French Press

French Press

The French Press method is a manual coffee brewing technique where coffee grounds are soaked in hot water, which on pressing a plunger through a metal or nylon mesh filter yields a rich full-bodied, flavorful coffee.

Table of Content

French press shown with coffee beans

What is French Press

A French Press is a manual coffee brewing method that uses an immersion technique. Under this method, the coffee is immersed in hot water for a while for the flavors to extract. What sets the French Press apart is its exceptional control over brewing variables, including the flexibility to adjust water temperature to your preference. To prepare a coffee using the French Press method, a French Press coffee machine is required. There are two types of French Press coffee makers available which include a Thermal French Press and a Traditional Glass One.

Various Names of French Press

Coffee press

History of French Press

  • The French press, also referred to as a press pot or coffee plunger, has its origins in France. In its basic form, the first French Press featured a metal or cheesecloth screen attached to a rod, which users would press into a pot filled with hot water and coffee grounds.


  • In 1852, the first patent for the French press was applied by two Frenchmen named Jacques-Victor Delforge and Henri-Otto Mayer. This early version did not incorporate a seal around the filter.


  • As time passed, the design of the French press evolved, resulting in the diverse versions available today. In 1928, Milanese designers Giulio Moneta and Attilio Calimani made significant changes to the French press and patented a version that had a spring mechanism to seal the filter.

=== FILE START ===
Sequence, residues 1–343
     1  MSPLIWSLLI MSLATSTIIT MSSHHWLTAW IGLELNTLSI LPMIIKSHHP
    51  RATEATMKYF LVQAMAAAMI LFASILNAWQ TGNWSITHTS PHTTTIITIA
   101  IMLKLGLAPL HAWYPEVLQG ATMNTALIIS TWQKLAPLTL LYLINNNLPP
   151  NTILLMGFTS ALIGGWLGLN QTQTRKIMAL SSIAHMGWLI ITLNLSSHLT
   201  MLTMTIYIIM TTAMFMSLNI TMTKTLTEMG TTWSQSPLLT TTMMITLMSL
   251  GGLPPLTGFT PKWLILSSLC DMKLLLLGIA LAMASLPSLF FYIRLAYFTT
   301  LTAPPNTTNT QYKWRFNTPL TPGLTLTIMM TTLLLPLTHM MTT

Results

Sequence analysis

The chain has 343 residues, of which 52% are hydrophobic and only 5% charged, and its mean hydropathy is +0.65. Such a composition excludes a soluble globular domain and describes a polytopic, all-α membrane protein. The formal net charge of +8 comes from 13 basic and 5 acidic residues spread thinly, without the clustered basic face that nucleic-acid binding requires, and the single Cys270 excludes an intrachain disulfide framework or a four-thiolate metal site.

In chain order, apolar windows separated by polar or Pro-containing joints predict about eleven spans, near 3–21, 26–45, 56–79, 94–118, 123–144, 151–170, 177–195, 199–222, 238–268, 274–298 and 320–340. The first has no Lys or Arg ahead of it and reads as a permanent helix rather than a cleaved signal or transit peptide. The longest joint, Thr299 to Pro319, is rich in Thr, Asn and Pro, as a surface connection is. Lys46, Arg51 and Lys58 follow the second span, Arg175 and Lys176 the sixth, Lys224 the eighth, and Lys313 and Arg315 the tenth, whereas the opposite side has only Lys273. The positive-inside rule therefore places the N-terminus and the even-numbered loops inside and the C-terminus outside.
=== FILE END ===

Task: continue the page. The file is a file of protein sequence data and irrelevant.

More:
• This innovation was subsequently patented in the United States in 1929. Further refinements to the design were made in 1958 by Faliero Bondanini, who applied for a patent for his version. It was manufactured in a well-known French clarinet factory named Martin SA and was renowned under the brand name "Melior."


  • The French press gained notable recognition when it was featured in the 1965 Michael Caine film "The Ipcress File." Its popularity continued to grow across Europe, thanks to companies like Melior-Martin in France, Household Articles Ltd. (La Cafetiere) in Britain, and Bodum (Chambord) in Denmark.


  • Today, the beloved French press has a narrow cylindrical beaker made from either glass or plastic. It is equipped with a metal or plastic lid featuring a plunger that fits right into the cylinder and incorporates a fine nylon mesh or stainless steel wire filter.
First French press design

First French press design. Delforge and Mayer 1852.

Significant changes in French press design

Significant changes. Calimani and Moneta. U.S. Patent Office, 1929

Faliero Bondanini's French press design

Faliero Bondanini's French press design. US Patent Office, 1958.


Roast level

Medium or Darker Roast


Grind Size



Water temperature

90°-93° C


Steeping time

4-5 minutes

Best Coffee to water ratio







French Press Parts Explained

French press parts explained

How to use a French Press

Step 1: Make your French Press ready for brewing